As a value and distressed investors, my eyes have naturally focused on the materials sector in the past couple of years. In fact, one sector that really has my attention is coal.
Coal is dirty, nasty stuff — the single dirtiest fuel source we have. Environmentalists despise the stuff and politicians love to vilify the coal industry. We have seen more regulations aimed at forcing industry and utilities towards cleaner natural gas and the coal business has suffered mightily the past few years.
But the other truth about coal is that it is also one of the most plentiful and cheapest energy sources on the planet.
In spite of all the regulations and noise, about 40% of electricity here in the U.S. comes from coal-fired power plants. Sure, coal usage has been declining … but not exactly at a blistering pace in spite of the alarmist headlines. Total coal consumption is down so far this year, but some sectors of the economy including transportation and food production facilities have actually increased their usage.
The bottom line: Coal may be unpopular, but it is not going away. This is especially true given the fact that the coal industry directly employed around over 90,000 people and supported nearly 170,000 jobs in 2011. Since lots of those workers are economically weak areas of the country, do not be surprised to see the political pressure on the industry ease up as we go into the next election.
The other dirty truth about coal: We can posture and regulate coal as much as want … but whatever we don’t burn, the rest of the world will. Emerging nations in search of faster economic growth need cheap energy and, in many parts of the world, the cheapest energy source is coal.
The situation is improving for U.S. coal producers too. A recovering economy is going to create more energy demand and that is good news for coal. A rebound in the steel market will also be good news for the long-term outlook for coal demand and pricing. Plus, we have seen some marginal miners go bankrupt and larger companies shave reduced output. That has allowed coal stockpiles to be worked down to reasonable levels. And a colder winter in the U.S. could see a spike in demand and pricing for coal miners.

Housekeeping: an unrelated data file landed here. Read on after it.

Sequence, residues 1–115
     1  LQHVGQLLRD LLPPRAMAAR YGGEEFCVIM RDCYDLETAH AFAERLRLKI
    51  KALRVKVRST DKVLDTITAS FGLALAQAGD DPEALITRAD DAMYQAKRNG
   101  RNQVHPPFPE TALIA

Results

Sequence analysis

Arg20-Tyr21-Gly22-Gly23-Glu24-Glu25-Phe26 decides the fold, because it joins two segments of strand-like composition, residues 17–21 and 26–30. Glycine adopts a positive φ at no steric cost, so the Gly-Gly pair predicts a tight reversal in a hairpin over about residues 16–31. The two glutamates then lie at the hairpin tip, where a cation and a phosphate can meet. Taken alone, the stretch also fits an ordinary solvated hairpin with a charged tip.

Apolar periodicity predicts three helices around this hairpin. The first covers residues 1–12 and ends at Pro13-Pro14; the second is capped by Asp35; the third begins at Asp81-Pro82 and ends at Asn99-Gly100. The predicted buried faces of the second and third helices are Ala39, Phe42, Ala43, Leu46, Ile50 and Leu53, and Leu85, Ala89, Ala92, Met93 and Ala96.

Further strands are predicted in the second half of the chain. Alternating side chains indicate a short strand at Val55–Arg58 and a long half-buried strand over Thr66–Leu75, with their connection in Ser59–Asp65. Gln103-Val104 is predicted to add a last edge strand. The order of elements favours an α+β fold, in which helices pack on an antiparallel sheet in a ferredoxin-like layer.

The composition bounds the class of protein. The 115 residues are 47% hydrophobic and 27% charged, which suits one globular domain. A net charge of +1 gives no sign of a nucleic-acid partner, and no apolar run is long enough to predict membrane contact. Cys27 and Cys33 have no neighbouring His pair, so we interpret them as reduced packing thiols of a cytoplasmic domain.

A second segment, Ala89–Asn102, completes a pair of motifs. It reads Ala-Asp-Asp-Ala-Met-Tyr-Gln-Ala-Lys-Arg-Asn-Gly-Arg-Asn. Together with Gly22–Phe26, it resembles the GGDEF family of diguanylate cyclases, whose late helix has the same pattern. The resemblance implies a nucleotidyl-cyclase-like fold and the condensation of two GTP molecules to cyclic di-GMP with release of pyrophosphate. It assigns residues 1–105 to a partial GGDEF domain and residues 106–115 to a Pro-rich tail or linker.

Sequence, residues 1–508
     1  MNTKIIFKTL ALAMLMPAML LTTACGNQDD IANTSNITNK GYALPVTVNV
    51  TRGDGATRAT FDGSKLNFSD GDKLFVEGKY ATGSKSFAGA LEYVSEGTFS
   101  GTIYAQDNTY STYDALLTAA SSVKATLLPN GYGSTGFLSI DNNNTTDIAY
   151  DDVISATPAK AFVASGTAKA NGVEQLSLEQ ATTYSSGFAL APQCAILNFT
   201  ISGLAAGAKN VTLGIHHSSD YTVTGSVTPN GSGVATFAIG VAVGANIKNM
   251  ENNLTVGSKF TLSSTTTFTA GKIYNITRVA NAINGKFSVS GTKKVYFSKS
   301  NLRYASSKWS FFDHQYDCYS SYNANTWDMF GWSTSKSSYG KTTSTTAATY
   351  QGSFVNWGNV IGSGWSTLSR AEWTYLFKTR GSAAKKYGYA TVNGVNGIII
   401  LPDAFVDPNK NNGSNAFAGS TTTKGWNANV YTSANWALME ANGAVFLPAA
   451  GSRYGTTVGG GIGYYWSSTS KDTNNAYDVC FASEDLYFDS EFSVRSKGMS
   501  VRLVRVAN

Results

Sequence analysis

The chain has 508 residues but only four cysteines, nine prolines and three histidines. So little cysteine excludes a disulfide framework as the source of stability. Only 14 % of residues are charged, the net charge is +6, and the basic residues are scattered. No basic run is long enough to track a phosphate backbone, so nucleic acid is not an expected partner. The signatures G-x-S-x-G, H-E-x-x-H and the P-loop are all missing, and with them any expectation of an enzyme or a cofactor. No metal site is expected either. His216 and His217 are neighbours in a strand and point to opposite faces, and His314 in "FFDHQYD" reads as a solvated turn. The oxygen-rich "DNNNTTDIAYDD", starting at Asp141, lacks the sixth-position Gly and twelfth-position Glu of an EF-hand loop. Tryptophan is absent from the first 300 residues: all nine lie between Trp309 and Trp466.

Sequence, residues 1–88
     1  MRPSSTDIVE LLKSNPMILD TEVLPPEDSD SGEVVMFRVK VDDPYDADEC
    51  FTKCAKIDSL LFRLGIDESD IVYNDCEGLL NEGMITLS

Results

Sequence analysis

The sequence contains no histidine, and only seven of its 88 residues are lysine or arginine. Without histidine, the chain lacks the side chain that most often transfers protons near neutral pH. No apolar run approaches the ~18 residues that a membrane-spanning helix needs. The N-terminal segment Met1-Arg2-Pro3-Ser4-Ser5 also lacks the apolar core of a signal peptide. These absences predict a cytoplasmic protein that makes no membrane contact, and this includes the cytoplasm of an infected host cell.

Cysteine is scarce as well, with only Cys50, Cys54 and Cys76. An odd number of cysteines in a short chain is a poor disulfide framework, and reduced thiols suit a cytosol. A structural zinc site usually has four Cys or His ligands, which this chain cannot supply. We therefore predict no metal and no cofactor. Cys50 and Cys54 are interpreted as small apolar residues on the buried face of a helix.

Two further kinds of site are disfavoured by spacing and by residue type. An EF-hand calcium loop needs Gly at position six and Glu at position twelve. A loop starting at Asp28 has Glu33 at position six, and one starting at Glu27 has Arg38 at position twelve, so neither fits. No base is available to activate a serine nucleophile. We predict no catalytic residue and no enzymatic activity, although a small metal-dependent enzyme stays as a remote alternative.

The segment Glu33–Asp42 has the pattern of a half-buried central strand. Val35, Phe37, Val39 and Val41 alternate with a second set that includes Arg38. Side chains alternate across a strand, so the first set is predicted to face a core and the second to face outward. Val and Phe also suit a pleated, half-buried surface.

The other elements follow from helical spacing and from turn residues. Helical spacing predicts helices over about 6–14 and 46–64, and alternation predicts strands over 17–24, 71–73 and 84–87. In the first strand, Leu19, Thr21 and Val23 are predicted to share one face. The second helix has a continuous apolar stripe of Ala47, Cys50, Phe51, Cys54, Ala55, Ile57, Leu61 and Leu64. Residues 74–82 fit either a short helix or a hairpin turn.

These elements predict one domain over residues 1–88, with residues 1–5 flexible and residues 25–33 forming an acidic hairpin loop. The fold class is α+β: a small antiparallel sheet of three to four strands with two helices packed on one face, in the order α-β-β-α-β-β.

With that in mind, don’t be afraid to bet on coal stocks.
I have owned shares of Arch Coal (ACI) for some time now. While I am backwards on the positions right now (my cost is close to $6 a share), I am comfortable holding my shares. The stock is trading at around half of tangible book value and that’s cheap for the second-largest coal company in the U.S. If the company just survives — and I think it will — the stock should more than double sometime in the next few years.
Peabody Energy (BTU) is the largest coal producer in the states and the largest private-sector coal company in the world. The company is well-positioned in the Powder River area, which already produces nearly half of the country’s coal. Peabody also has Australian operations that can serve the faster growing Asian regions, including China.
The stock is trading right at tangible book value, though, so I would prefer to see a little sell-off in the shares before buying the stock. Or I would sell the December $15 puts as a way to back into the shares cheaper than the current quote.
All in all, coal is not going away, no matter how much the politicians and environmental groups protest. Neither are the coal miners and coal stocks, so long-term investors should have some of the nasty stuff in their portfolio.
As of this writing, Tim Melvin was long ACI.